The procedure is no different to other flowers except that with bromeliads you must emasculate (or remove) the pollen stamens from the plant you want to pollinate to guard against contamination. It will now be called the seed plant or mother plant. This can be easy on some plants but on neos. and nids. it can be difficult and is best done in the early morning before the pollen and stigma are receptive. Using the steel needle and the tweezers, open up the three sepals. You will find that this allows the three petals to open up which pulls the pollen stamens away from the stigma. You can then pinch out the pollen stamens with the tweezers. Your seed mother plant is now ready to receive pollen from your other plant in the case of two Neo.carolinae or two Aechmea fasciata etc. The pollen stamens should be pinched off with the tweezers and the pollen scraped off and placed on to the stigma of the seed mother plant.

You should remember that in the case of flower heads submerged in water e.g. neoregelias and nidulariums, the water must be taken out the day before so as not to wet the pollen. I use a small plastic tubing with a Vet's syringe. If you tip the plant up you will empty all the water and that is not good for it so, just suck that water out to below the flower head. You can also use a cooking basting syringe.

After saying that many bromeliad plants will not self pollinate, and that they will not accept their own pollen, it has to be said that there are a number that do. All or most vrieseas, tillandsias and guzmanias can be pollinated with their own pollen, so there's no need to strip the pollen stamens, unless you're going to hybridize. With the tweezers, cut off a pollen stamen and wipe it on the stigma, noting that there is a nice little mound of pollen on the stigmatic surface.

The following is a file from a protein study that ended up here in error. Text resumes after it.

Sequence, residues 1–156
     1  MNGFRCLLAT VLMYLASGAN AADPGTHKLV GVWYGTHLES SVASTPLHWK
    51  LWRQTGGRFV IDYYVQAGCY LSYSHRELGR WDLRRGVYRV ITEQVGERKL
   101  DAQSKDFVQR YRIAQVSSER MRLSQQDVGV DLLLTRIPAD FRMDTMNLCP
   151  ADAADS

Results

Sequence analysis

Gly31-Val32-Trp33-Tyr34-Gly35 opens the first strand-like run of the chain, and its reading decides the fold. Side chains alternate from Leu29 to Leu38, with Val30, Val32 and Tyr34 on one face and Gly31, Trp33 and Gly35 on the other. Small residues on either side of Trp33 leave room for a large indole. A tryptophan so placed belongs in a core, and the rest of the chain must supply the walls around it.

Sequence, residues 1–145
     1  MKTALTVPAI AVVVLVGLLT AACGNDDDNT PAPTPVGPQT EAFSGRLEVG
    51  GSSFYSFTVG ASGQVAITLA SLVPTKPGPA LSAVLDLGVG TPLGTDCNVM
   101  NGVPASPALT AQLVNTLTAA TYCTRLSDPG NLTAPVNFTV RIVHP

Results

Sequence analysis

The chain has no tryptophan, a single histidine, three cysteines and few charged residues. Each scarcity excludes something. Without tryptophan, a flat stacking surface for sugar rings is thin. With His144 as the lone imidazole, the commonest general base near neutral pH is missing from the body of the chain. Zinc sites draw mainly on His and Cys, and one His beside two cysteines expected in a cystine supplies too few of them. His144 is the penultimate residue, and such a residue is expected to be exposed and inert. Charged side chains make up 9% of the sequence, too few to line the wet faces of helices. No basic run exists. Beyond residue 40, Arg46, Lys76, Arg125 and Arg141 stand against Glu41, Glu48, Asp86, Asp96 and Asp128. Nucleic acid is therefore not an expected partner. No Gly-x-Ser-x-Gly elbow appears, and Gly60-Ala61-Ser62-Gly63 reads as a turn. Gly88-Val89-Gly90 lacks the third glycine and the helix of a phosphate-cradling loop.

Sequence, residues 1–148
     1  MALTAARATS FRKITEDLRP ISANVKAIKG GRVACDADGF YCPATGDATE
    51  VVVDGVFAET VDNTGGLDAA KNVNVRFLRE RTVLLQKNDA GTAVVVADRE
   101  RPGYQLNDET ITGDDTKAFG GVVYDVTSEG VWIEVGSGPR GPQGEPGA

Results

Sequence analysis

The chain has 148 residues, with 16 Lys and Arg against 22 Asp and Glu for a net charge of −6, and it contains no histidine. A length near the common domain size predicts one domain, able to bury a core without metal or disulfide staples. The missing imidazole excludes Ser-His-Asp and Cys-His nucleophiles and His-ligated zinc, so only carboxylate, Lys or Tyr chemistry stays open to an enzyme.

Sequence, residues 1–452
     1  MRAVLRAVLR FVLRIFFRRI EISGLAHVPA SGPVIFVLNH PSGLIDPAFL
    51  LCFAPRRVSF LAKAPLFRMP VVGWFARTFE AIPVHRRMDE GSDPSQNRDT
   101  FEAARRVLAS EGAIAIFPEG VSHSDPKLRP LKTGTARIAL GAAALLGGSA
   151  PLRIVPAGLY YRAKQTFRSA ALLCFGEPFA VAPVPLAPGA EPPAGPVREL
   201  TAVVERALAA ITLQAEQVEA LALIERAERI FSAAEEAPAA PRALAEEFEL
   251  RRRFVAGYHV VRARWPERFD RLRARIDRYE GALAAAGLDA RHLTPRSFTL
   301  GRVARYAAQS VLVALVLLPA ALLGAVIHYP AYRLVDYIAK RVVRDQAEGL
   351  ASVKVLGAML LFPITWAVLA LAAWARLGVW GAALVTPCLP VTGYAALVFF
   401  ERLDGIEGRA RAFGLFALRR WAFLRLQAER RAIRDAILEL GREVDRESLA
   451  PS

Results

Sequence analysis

The most important part...NAMING!

With all bromeliads I use a small piece of plastic slim line Venetian blind, say 50mm long x 5mm wide, with one end cut to a taper. I use a code (as there isn't much room) so it could be VR pl x Ft which could mean Vr platynema variegata x Vr fosteriana (rubra). All of this you will have written into your bromeliad pollination handbook. Remember, it's your plant so you can call it whatever you like as a code e.g. Vr, 631. Push the little code tag into the sepals at the back of the flower where it will stay until the flower sets seed and is ripe. In the case of neos. and nids. you can mark the flower and the next day you will find that it has sunken and this will allow you to place a piece of large drinking straw (milk shake type) over the whole flower and ovary. Remember to code the straw!

HYBRIDIZATION

Up to this point I have been talking about pollinating species. In the case of hybrids the procedure is no different. You MUST emasculate the pollen from the seed plant to avoid contamination and then proceed to take the pollen from another plant and very carefully place it on to the stigmatic surface of the seed plant. If you cross two species of the same i.e. two Neo carolinaes, then you will only get another carolinae species. If you cross two different species, say Neo. carolinae x Neo. marmorata, you will get an F1 hybrid, and each of the seedlings will have consistent characteristics – in other words, they will be a mixture of both parents. However, if you cross two F1 hybrids you will produce an F3 hybrid but with inconsistent characteristics. Most modern day hybrids have two or more parents and crossing these will produce some interesting results e.g. should you cross Neo.Catherine Wilson with, say, Neo.Lambert's Pride as I have done, you will find some very lovely new hybrids, as with some of the Skotak hybrids that have four or five parents. Good luck and next time I will talk about seed raising.